The Last of the Hand-Sign Painters in Saigon

Photo journalism by Jim Selkin

The Artistry and Poetics of Nguyễn Thế Minh

When I first encountered Nguyễn Thế Minh, I immediately knew I was in the presence of a true artist. His cramped studio in Bình Tân, only a few meters square, was overflowing with cans of paint, soda bottles filled with specially mixed colors and stacks of small to medium sized signs.

Seated comfortably on a well-worn red fabric sofa, surrounded by photos and articles about his career, Minh was in his element. With his longish silver hair and ever-present cigarette dangling from his fingers, Minh began to impart a bit about his life and artistic career.

As a young boy, he developed a keen interest in poetry and originally wanted to become a poet and philosopher. He even assumed the nom-de-plume of Hoài Minh Phương. But it was his talent for painting that drew the attention of noted artist Hoa Huệ, who took Minh on as an apprentice. He later studied with Vũ Trọng Hợp, and credited both men with shaping his artistic vision. However, upon dealing with reality after 1975, Minh took up the art of hand-lettering on metal signs as a practical profession.

Soda bottles with colors and thinners hang in Minh’s studio

Minh never had any prior formal sign painting experience. Instead he repetitively copied classical type fonts from European workbooks available at the time. Having mastered the basics, he began using his artistic intuition and instinctive expressions.

His method of perfecting his trade was characteristic of the Western disciplined approach. Yet he enhanced it with his own style, which is indicative of the way Vietnamese artists have adapted outside influences to create their own voice.

One reason why Minh’s signs have endured and he has achieved recognition, is his approach to sign painting. He views it as an art rather than a discipline. Flicking an elongated ash off his cigarette, he remarked, “Sign painters have to be good not only at just lettering but at artistic composition. I approach my signs as a blank canvas. They have to be composed well with type fonts and illustrations all in harmonious balance. But most of all, it has to be beautiful.”

One of Minh’s classic signs combining text and illustrations – influences from the Modernist era.

Speaking of composition, I noticed that a number of signs had either an illustration or a poetic verse included. Minh explained, “In order to make my signs stand out, I decided to include illustrations in the composition. Reading about, and being aware of the Modernist Art Movement in Europe, I created whimsical illustrations synonymous with the company that commissioned the sign.”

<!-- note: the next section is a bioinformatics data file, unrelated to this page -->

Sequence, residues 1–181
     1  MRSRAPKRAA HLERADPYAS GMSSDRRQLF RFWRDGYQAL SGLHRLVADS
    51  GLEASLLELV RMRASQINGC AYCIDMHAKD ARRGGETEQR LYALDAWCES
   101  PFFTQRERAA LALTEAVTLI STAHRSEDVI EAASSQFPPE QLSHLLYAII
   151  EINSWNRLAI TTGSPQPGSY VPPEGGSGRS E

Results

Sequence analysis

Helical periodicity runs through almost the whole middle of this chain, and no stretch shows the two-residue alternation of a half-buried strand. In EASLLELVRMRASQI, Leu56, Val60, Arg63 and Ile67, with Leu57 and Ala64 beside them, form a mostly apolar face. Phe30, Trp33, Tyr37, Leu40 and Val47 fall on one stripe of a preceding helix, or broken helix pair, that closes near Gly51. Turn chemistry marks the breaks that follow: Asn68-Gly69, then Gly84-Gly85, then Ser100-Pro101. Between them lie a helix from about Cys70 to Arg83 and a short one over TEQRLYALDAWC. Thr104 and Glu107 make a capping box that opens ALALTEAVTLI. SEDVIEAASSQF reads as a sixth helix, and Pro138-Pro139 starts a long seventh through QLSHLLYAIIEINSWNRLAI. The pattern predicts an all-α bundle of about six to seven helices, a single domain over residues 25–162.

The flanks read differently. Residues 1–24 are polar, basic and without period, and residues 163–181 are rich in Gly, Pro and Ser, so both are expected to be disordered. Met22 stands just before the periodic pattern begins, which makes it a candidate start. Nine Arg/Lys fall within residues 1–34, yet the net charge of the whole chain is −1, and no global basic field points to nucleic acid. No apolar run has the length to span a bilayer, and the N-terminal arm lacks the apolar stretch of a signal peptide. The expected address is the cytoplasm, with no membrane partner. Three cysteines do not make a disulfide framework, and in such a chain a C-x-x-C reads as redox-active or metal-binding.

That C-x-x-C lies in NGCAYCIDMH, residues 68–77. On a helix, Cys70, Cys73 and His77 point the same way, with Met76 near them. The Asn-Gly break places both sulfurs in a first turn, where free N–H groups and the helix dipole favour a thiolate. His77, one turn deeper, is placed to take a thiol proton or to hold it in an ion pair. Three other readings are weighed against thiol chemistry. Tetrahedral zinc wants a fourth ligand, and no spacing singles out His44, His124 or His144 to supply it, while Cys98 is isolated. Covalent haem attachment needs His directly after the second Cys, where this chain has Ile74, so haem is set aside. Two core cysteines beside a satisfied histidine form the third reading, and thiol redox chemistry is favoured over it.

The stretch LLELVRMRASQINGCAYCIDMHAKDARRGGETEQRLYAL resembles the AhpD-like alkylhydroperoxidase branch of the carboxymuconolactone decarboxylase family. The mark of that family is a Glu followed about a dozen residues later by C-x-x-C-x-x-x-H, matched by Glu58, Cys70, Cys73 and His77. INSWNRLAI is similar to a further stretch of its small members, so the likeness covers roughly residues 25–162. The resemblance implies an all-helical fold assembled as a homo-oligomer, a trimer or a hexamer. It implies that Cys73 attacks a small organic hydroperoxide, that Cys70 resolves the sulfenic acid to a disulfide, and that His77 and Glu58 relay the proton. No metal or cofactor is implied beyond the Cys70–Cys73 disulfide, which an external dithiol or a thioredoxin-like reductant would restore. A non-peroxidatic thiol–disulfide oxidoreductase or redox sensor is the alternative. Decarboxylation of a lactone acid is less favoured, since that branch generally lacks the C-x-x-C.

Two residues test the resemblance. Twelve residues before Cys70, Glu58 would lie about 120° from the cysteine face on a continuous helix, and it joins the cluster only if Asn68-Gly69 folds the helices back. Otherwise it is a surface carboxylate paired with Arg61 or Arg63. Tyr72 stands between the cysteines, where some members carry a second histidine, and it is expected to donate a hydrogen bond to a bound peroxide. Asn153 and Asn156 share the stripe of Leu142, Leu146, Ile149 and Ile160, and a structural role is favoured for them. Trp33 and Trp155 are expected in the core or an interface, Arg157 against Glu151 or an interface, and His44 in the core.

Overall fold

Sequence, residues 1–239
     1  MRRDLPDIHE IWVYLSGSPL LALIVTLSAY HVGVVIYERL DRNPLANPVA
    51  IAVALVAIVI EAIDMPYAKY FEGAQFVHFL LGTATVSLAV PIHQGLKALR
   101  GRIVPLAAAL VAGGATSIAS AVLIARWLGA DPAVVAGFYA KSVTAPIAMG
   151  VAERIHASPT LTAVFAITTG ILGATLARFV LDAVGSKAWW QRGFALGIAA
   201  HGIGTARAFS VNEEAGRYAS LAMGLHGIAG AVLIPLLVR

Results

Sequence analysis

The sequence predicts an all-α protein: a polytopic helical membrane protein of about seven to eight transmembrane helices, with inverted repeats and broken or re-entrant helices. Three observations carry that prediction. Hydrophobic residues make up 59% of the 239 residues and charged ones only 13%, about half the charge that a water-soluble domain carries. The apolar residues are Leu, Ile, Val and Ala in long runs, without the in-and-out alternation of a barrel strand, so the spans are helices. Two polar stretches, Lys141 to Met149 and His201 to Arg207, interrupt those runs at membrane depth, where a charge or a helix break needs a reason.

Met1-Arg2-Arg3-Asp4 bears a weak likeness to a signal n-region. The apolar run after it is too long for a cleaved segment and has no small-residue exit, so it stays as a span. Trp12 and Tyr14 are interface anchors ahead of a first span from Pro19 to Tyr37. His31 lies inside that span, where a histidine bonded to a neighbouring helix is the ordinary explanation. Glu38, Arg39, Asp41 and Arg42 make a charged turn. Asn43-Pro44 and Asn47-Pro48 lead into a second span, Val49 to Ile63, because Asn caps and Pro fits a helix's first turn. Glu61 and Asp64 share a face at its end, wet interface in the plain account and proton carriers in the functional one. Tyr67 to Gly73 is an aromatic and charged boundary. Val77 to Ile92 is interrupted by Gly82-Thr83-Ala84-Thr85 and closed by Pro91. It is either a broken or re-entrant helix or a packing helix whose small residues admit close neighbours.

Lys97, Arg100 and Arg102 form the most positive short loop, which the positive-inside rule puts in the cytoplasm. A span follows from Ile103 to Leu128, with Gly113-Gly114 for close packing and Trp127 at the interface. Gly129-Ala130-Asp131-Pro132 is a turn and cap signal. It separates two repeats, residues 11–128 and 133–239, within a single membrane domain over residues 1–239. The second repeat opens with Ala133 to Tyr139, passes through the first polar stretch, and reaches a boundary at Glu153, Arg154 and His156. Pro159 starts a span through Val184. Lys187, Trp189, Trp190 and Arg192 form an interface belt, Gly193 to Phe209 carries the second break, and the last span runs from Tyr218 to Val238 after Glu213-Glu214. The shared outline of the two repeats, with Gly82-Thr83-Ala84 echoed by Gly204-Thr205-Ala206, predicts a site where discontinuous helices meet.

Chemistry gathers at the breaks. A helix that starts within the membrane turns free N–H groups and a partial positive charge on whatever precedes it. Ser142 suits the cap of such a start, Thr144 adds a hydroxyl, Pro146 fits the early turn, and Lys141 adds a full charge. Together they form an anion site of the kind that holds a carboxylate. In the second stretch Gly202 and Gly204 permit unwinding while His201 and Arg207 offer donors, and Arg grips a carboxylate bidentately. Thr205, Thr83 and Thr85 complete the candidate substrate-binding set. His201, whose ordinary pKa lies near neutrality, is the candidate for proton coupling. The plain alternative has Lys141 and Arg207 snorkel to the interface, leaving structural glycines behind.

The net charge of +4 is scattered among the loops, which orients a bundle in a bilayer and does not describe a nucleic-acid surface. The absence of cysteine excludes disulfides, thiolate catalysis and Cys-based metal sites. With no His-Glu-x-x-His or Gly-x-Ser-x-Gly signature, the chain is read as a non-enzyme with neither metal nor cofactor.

Minh continued, “My unique script letters were influenced by my love of calligraphy. Although never formally trained in the art, I repetitively practiced, then developed my own trademark flourishes and curves. Not forsaking my love of poetry, I decided to include a few lines that inspired me on different signs. I was fortunate to have a number of clients who granted me the opportunity to include my love of poetry in their signs.”

An old sign bearing Minh’s poetic phrase adorns the gate on his shop.

Behalf Studio, a small Saigon-based creative hideout of prudent thinkers, is headed by Nguyen Giang, a master type designer and graphic artist. He has initiated a project called ‘Republish’ – taking old remnants of type fonts, re-working them and publishing new digital versions for free usage. They have chosen one such relic from a sign on a locksmith’s cart painted by Minh. Giang and his team were impressed at how Minh used his artistic ability to transform from the rigid, disciplined letters and reworked them with his own unique touches.

Minh continued, “I am honored that a young type design team has chosen one of my signs on which to base a new digital font. Giang then added, “I find his approach of going beyond the initial remnant and expanding his artistic interpretations, mimics our own style of type explorations in the digital realm.”

Minh admiring a print out of the digital type font “Finesse” based on his hand lettering

Looking back, Minh confessed, “It wasn’t always easy. With the advent of digitally designed signs and laser printing, demand for my work dropped. There were times when I couldn’t pay my bills and I faced bouts of depression. Fortunately, I had studied and practiced the healing art of curing sprains and dislocated joints. It sustained my family and I through lean times. It is a practice I still carry on today. In addition, my passion for painting and poetry kept my inner flame alive.”

Minh also said that more recently he needs corrective eye surgery but cannot afford it, which slows his working. In addition, the current pandemic means that very few businesses are opening that need signage.

I then asked him to comment on modern, machine-made signs. Minh candidly replied that he was not impressed with any of them. “True, they can turn out a sign in 3-5 hours, whereas mine will take 3-5 days. But they are soul-less and don’t have any real artistic merit.”

The artist and his tools.

When questioned about his recent media notoriety, Minh responded that he was happy that his work was being recognized but that it didn’t affect his artistic vision. “For over a half-century, I was able to sustain myself and my family and have maintained my individuality and unique style.”

It was a privilege to have met the multi-talented Nguyễn Thế Minh – painter, poet, singer and story-teller.

Text and photos are copyright of Jim Selkin in perpetuity – 07 Aug 2020